Blueprint for city futures
Lord Rogers this week launched the final report of his Urban Task Force - a latterday Abercrombie Plan - with a call for a massive design- led public programme to revitalise our towns and cities. Studded with 105 ambitious recommendations for central Government to incorporate into an Urban White Paper, the report calls for an 'urban renaissance' (see pages 6-7). It aims to persuade home-buyers to flock back to newly revitalised urban areas through a complex mix of tax-breaks, new funding initiatives and 'more positive' planning guidance, with a much freer attitude towards high-density schemes.
For architects there is much to cheer. The report calls for a national campaign to improve urban design, based on education, more 'demonstration' projects - such as the Architecture Foundation's Roadshows - more spatial masterplans, and many more government-sponsored competitions for public regeneration projects.
Task Force secretary John Rouse told the aj that there will also be at least a doubling of the network of architecture centres across the uk, funded by the Department of Culture, Media and Sport and co-ordinated by cabe, the new Commission for Architecture headed by Stuart Lipton. The report recommends one in each 'major city', with a minimum network of 12 'properly-funded' centres. Like much of the report, this idea has arisen from visits to Spain and the Holland to review similar schemes, seen to be 'the natural custodians' of debate on the future of the public realm.'
The 328-page report, Towards an Urban Renaissance, is the result of a year's work by the Taskforce, formed by deputy prime minister John Prescott. Rogers said its main aim was to improve the quality of life in cities by turning them into 'compact, mixed-use, well connected places', and to utilise brownfield sites to accommodate 60 per cent of housing requirements. He also wants to see Government ensure that the process is design-led, to engender 'beautiful cities which lift the heart', that local authorities lead the renaissance, and that local people are empowered as responsibility is devolved down to them.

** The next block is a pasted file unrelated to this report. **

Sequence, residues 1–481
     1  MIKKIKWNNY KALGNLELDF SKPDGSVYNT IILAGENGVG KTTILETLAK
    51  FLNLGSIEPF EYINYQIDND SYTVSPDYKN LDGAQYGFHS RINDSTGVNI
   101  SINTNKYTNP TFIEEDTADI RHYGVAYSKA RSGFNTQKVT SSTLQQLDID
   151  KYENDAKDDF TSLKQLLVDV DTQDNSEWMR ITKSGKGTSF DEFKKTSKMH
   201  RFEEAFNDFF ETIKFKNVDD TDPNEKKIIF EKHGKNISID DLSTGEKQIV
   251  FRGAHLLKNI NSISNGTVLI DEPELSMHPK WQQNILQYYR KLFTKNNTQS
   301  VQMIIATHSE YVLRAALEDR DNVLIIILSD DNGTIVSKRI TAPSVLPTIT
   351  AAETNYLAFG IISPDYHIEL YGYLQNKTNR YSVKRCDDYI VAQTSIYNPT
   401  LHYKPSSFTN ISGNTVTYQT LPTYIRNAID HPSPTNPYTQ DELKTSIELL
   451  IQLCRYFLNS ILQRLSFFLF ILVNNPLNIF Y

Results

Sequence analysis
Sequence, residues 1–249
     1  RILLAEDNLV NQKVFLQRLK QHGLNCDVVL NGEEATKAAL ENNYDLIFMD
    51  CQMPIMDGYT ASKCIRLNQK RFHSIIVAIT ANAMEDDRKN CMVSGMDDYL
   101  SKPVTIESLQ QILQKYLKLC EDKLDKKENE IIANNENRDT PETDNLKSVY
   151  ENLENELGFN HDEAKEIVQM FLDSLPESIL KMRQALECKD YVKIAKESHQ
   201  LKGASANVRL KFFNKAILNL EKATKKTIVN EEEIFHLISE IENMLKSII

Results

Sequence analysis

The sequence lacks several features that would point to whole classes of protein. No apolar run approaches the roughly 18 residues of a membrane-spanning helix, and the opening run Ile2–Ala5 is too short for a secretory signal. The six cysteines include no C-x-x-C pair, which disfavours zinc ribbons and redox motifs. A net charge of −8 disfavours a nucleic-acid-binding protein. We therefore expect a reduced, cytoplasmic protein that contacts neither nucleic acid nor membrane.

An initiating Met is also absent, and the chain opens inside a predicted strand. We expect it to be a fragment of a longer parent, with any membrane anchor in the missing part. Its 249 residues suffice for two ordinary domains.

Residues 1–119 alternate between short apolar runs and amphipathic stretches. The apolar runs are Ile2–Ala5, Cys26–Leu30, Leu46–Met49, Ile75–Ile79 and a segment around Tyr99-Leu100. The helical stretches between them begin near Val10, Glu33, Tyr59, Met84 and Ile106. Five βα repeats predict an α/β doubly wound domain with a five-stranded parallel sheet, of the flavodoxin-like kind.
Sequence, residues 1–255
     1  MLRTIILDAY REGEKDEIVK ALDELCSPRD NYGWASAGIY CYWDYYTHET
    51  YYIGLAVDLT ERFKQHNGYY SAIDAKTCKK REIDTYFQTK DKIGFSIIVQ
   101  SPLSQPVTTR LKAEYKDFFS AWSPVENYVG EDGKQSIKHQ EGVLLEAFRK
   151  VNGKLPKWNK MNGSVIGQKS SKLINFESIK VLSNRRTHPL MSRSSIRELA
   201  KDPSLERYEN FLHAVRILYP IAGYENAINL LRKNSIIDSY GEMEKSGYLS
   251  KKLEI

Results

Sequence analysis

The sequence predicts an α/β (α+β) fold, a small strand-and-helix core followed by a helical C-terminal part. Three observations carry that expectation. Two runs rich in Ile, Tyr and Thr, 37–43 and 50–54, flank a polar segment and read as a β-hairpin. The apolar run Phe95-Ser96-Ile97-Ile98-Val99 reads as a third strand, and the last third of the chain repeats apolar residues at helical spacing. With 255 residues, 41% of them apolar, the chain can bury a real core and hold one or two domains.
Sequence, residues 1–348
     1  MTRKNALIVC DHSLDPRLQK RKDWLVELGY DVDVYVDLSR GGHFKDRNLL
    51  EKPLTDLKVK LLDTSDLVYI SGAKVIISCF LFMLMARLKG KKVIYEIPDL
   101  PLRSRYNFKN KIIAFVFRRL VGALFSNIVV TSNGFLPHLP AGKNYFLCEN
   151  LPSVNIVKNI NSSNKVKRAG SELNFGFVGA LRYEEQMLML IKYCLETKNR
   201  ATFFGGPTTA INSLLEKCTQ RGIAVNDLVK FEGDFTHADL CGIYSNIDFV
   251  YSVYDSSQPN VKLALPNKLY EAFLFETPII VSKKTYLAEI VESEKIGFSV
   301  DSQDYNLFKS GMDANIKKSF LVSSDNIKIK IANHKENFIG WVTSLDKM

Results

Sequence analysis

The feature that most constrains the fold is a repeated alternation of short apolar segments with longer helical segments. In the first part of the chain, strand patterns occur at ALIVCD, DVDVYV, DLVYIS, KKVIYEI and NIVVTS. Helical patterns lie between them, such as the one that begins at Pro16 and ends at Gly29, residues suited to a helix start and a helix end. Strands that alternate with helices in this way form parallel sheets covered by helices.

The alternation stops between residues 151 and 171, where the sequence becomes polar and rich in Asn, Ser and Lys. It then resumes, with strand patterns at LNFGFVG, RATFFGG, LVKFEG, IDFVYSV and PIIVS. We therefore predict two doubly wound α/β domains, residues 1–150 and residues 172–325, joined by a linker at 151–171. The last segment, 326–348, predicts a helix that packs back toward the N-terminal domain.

By the year 2021 the Task Force wants: 'significant improvement' in environmental indicators; improved social indicators; increased use of brownfield sites in line with housing demand; the blurring of distinctions between social and market housing; five major English cities in the European 'top 50' for quality of life and none in the bottom third; a reputation for innovation in sustainable and high-quality design and for England to be the world leader in urban development.
The Task Force has not costed the proposals, admitting that they will not come cheap, but argues that the cost of doing nothing would be greater. It is recommending the pumping of £500 million over 10 years into a 'renaissance fund' for local groups to tackle eyesores and derelict buildings - 'gashes in the urban texture.' Other money will come through the pursuit of private finance applications - it wants Government to pilot an estate renewal and a more general area-regeneration project through the pfi. It also wants 'arms-length Urban Regeneration Companies' to raise private finance and speed up work.
riba president David Rock commended the 'holistic' approach of the report, but agreed with Rogers that without a 'joined up government' - the urban renaissance would be difficult to attain.
The report will now form the basis of the Urban White Paper and a Rural White Paper, both of which will be published in the next 12 months. Other members of the Task Force were Ricky Burdett (lse), housing developer Alan Cherry, planner Sir Peter Hall, Tony Burton (cpre), Martin Crookston (Llewelyn-Davies), Anthony Dunnett (se Economic Development Agency), Phil Kirby (environment director, bg properties), David Lunts (Prince's Foundation), Anthony Mayer (Housing Corporation), Anne Power (social housing expert, lse), Sir Crispin Tickell (government adviser on sustainable development), Wendy Thomson (Newham Council chief exec), and Lorna Walker (Ove Arup).